07:00pm: Opening Ceremony, Dragon and Lion Dancing
08:30pm: Play: The Thay Thim Legend
Monday 10/13: 08:00am: Sand Dunes Race
08:00pm: Cheo Ba Trao Opera Performance
Many Thanks to Viet Quoc at BTV for providing this schedule.
*Please note that these activities are approximate translations and there may be some errors.
27.09.08 The new year festival of Kate was kicked off tonight at the Thap Poshanu Cham towers in Phu Hai (between Phan Thiet and Mui Ne), with an opening ceremony of rather stale formalities. The main activities of the festival include the "Praying for Peace" ceremony from approximately 4pm to 7pm on Sunday, and then the grand procession and festivities have a finale Monday morning from 8am to 10am. A sort of Cham Olympics will also be held with events around the city of Phan Thiet through October 02. Sadly, the provincial government has not advertised any of this in English, for the benefit of foreign tourists (nor have the details posted in Vietnamese been very helpful either), so it may be necessery to drive around a bit to find the sporting events in town, which include both modern games (football) and traditional Cham competitions. Visit our blog for photos from the larger festival in Phan Rang. Visit HANNO STRAMM'S BLOG for photos from the local festival.
Children Carrying Dragon Fruit Lanterns for the Mid Autumn Festival (Trung Thu)
14.09.08 The Mid Autumn Festival (Trung Thu) in Phan Thiet last night was a tremendous success. The children of Phan Thiet were undaunted by the rain showers at 5pm, and marched proudly through the streets in a grand procession at 6pm. The parade was made up of all the elementary schools around the city, each lead by their own large, lantern floats, with themes representing the city of Phan Thiet. The classes followed the floats, resembling dragons, seahorses, tall ships, tropical fish and the Phan Thiet Tower, and the children each carried smaller, although no less elaborate, lanterns of dragon fruit, stars, fish and wild animals.
Phan Thiet is nationally recognized as the best place in the country to observe the yearly festival, famous for its lantern parades and tasty moon cakes made of coconut, lotus seeds, green beans, candied meats, and of course, a dried duck-egg-yolk at the center to represent the full moon. See more photos at the official MuiNeBeach.net Blog: The Fish Egg Tree.
A Lantern Float Under Construction for the Mid Autumn Festival (Trung Thu)
09.09.08 The Mid Autumn Festival (Trung Thu) will begin on the night of Saturday, September 13 at around 5pm, with a grand parade of floats and lanterns on Nguyen Tat Thanh Street and around the riverside. The festival continues with smaller parades on the night of the 14th in the surrounding villages. Phan Thiet is nationally recognized and awarded as the best place to observe the festival in the entire country due to the size and granduer of the procession.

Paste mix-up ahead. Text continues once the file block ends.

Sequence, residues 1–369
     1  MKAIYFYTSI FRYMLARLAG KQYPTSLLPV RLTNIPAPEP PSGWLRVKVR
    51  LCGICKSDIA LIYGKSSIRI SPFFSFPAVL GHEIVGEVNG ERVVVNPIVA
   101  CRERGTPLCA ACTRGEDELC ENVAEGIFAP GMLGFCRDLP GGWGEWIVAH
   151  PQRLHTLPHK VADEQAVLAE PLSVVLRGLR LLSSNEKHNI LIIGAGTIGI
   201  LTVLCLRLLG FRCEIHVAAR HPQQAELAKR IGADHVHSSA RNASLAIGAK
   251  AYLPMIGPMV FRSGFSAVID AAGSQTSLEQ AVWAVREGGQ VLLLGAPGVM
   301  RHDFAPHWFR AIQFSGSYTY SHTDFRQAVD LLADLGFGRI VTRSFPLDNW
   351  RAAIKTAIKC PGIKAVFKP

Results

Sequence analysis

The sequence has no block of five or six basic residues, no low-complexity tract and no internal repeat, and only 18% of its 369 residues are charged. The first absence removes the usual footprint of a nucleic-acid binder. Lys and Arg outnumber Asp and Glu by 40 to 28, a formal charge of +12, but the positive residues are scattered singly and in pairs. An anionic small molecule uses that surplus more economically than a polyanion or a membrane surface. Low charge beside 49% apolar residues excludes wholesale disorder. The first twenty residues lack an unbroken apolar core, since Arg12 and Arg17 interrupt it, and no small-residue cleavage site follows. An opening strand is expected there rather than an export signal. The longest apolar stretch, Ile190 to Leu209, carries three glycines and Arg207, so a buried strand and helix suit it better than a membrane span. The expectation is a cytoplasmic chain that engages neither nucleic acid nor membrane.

The Mid Autumn Festival is also known as the Moon Festival, and is a popular Chinese celebration dating back over 3,000 years to China's Zhou Dynasty. The Festival falls on the 15th day of the 8th lunar month of the Chinese calendar. The traditional food of this festival is the moon cake, of which there are many different varieties. Cakes usually have at least one dried, salted egg yolk and come with fillings of coconut, yellow or green bean, lotus seed or minced pork. All are sweet. The most popular brand in Vietnam is Kinh Do--and they are also the most expensive. Small cakes start at 25,000VND and are as much as 100,000VND for larger cakes.
The Mid Autumn Festival is one of the most important holidays in the Chinese calendar. Farmers celebrate the end of the summer harvesting season on this date. Brightly lit lanterns are often carried around by children.
The Vietnamese version of this holiday is said to have originated in the 8th century, during the reign of Emperor Minh-Hoang. Legend says that the Emperor took his Empress, Duong Quy Pho, to a lake where he read a poem that he had composed to her by the light of the moon.
A more popular version of the holiday recounts the legend of Thang Cuoi, whose banyan tree was uprooted after his wife accidentally urinated on it and took him with it to the moon. Every year, on the mid-autumn festival, children light lanterns to show Cuoi the way to get back to Earth.
One of the Many Dragons That Weaved Through Phan Thiet Streets
22.08.08 The Nghinh Ong Festival closed yesterday with an enormous parade through the city, complete with dragon and lion dancers, acrobats, traditional musicians, stilt walkers, martial artists, countless flags, banners, costumed participants, gong players, drummers and the grand finale--a troupe of 150 people forming a kylin--a mythical beast looking like a cross between a lion and a dragon--and the longest in SouthEast Asia.
The Kylin chases a golden ball at the end of the parade.